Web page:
Historical Events  Brands
Historical Events  Brands
Cheeze-Itz

Kellogg's cheesy snack

MMDE: Cheeze-Itz

Current: Cheeze-It

Here's another branding curiosity.

Since 1921, many people have enjoyed the famous Kelloggs snack crackers thinking they were called "Cheeze-Itz", and are surprised to find today they've been using the wrong name all along. Despite it having the "Cheeze-It" name for close on 100 years, it still comes as a shock when they see the big lettering on the pack which plainly says "Cheeze-It".

There is a class of spelling Mandela Effects where the pronunciation is the same for all variants, and an even subtler class where the plural is assumed to be the real name because it is naturally spoken out loud more often. Examples are Depends underwear and Braggs. With this one, the "z" always appears in the first word, so appending it to make the plural seems a good fit for stylish reasons.

Historical Events  Brands
LinkedIn

Dropped e

MMDE: LinkdIn

Current: LinkedIn

Whilst there are many Mandela Effects which relate to branding, most tend to be associated with long-established companies and not modern internet-based ones. The famous missing cornucopia in the Fruit of the Loom logo goes back to 1851, for example.

So when many people started reporting they distinctly remembered the famous business networking site as "LinkdIn" rather than the "LinkedIn" they see today, they say this might be the cause. These people are certain they remember the old spelling, and are sure it must have been changed at some point in the past even though there is no evidence of this to be found.

Ironically, LinkedIn itself is aware of the ME - there are numerous posts on the subject on the site itself, but none concern a change in the name.

Historical Events  Brands
MGM

What does MGM stand for?

MMDE: Metro-Goldwyn-Meyer

Current: Metro-Goldwn-Mayer

MGM is one of the world's oldest film studios and its origins can be traced to the dawn of the movie business in Hollywood.

It's roaring lion brand is instantly recognisable as the first thing you see in literally hundreds of classic movies, so it's surprising that a key feature of this is causing some confusion. In that logo, and the short video which accompanies it, the full wording for "MGM" is spelt out prominently above the lion's head. Today, it reads "Metro Goldwyn Mayer", but some are saying they remember it as "Metro Goldwyn Meyer".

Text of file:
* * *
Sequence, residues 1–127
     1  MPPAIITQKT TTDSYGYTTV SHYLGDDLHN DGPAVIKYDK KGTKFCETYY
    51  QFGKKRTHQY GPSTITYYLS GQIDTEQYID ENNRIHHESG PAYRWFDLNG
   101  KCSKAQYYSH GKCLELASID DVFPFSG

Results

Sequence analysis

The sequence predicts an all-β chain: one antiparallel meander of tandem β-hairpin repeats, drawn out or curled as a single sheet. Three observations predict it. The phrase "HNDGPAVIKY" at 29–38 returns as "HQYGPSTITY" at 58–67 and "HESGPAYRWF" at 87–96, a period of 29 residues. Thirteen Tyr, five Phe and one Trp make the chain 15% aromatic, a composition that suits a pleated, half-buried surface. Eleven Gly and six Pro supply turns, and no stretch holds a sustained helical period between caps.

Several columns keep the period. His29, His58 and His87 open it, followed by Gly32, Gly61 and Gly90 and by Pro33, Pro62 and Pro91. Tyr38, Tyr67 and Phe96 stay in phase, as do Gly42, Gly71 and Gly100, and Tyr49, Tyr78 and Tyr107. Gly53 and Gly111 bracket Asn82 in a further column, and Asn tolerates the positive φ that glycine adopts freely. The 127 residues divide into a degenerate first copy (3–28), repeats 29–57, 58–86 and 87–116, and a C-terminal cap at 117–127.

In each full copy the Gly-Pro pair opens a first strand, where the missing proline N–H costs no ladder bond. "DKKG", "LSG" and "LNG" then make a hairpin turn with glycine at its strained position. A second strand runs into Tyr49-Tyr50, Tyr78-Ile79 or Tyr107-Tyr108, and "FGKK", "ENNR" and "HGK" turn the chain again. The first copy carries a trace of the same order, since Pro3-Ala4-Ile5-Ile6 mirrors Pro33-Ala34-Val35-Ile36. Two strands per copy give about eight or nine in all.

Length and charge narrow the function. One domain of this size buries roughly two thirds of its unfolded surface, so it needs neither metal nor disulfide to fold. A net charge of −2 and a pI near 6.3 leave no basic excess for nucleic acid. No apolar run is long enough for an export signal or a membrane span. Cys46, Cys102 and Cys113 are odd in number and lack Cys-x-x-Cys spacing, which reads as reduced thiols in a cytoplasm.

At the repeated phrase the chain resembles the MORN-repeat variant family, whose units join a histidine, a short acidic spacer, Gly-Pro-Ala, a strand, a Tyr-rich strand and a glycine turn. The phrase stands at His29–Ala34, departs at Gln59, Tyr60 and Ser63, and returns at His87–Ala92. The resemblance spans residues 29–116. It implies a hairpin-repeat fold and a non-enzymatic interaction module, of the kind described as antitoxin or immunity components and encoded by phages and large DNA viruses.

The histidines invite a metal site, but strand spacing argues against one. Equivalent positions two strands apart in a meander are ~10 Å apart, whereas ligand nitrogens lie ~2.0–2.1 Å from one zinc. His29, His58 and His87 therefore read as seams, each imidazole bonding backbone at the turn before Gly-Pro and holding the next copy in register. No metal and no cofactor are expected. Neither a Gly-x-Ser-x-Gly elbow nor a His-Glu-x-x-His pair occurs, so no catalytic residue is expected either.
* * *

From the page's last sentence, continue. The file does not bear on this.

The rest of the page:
There's a possible connection here with another Mandela Effect - the Oscar Mayer/Meyer one, just based on the wording alone.

Historical Events  Brands
Scott's Porage

The breakfast of real men

MMDE: Scott's Porridge Oats

Current: Scott's Porage Oats

The wholesome oat based meal from Scotland has been eaten since the middle ages, but it was only since 1914 that the distinctive Scott's band was launched, together with the iconic "fine figure of a man" shot putter. This was based on a real person, the legendary Highland Games athlete Jay Scott.

There's a problem, however, with the spelling. Many today are surprised to see the packet spelling it as "Porage", having been sure this must be wrong because they had always known it as "Porridge"

A Google image search will often draw a gasp from those affected, since it clearly shows many instances of it always being spelt "Porage".

Historical Events  Brands
Cup 'O Noodles

Cup O' Noodles or Cup Noodles?

MMDE: Cup O' Noodles

Current: Cup Noodles

Cup Noodles or Cup O' Noodles? They seem to have been with us forever, and are particularly well loved by busy students on a budget. Many swear the snack food from Nissin was called Cup O' Noodles, but only see it as Cup Noodles today. However, this one is different... :-)

Instant noodles were invented in 1958 by the guy who went on to found Nissin foods, Momofuku Ando, and in 1971 they were launched in the US.

However - and here's the twist - they really were called Cup O' Noodles in the US until 1993, when they became the plain Cup Noodles. This is an example of the pattern of a Mandela Effect being seen, in that there is little evidence today apart from in people's memories, yet is definitely not one.

Historical Events  Brands
Chevron

What colors are the chevrons on the logo?

MMDE: Red above blue

Current: Blue above red

With it's roots going back to 1879, Chevron is one of the worlds largest companies. It's logo is very familiar the world over, but has it always been the way you remembered it?

Many are reporting the colors on the two chevron shapes have swapped over, that is, they remember the red one above the blue one rather than vice versa.

The Chevron we know today was created as a result of the federal government breaking up Standard Oil in 1911. One of the smaller parts, Standard Oil Co. (California), was using the Chevron name in the 1930's where it, and the logo branding, was adopted for the company moving forwards.

Historical Events  Brands
Marlboro Man

Hazardous to your health?

MMDE: Marlboro Man died of lung cancer in the 1990's

Current: Marlboro Man didn't smoke and died in 2019

Young folk today won't even be aware that there used to be plenty of advertisements for cigarettes.

These adverts have been banned for years now as a result of the overwhelming evidence of the damage they cause to health. However, when they were running, none were more famous than the Marlboro Man.

Played by Robert Norris, who was a friend of John Wayne, the campaign was conceived in 1954 and has been described as one of the most successful of all time. It featured a rugged lone cowboy with the slogan "Come to Marlboro Country".

Many remember Robert Norris dying of lung cancer in the 1990's, so it came as quite a shock to hear lived to the age of 90 when he died in 2019. Even more surprising - he never smoked a single cigarette in his life.